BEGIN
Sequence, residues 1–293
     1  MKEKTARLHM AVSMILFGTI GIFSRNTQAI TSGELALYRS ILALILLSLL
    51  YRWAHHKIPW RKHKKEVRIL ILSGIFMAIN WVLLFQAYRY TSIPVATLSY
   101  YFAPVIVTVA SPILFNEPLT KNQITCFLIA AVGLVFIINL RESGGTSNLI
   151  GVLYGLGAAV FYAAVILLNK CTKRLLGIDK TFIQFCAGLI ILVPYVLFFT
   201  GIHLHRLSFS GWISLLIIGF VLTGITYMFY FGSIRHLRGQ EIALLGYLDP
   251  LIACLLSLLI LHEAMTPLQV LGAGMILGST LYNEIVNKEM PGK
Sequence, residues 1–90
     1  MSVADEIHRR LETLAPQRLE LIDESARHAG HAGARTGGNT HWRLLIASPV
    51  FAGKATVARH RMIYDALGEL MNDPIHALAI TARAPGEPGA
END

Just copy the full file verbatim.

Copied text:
Sequence, residues 1–293
     1  MKEKTARLHM AVSMILFGTI GIFSRNTQAI TSGELALYRS ILALILLSLL
    51  YRWAHHKIPW RKHKKEVRIL ILSGIFMAIN WVLLFQAYRY TSIPVATLSY
   101  YFAPVIVTVA SPILFNEPLT KNQITCFLIA AVGLVFIINL RESGGTSNLI
   151  GVLYGLGAAV FYAAVILLNK CTKRLLGIDK TFIQFCAGLI ILVPYVLFFT
   201  GIHLHRLSFS GWISLLIIGF VLTGITYMFY FGSIRHLRGQ EIALLGYLDP
   251  LIACLLSLLI LHEAMTPLQV LGAGMILGST LYNEIVNKEM PGK
Sequence, residues 1–90
     1  MSVADEIHRR LETLAPQRLE LIDESARHAG HAGARTGGNT HWRLLIASPV
    51  FAGKATVARH RMIYDALGEL MNDPIHALAI TARAPGEPGA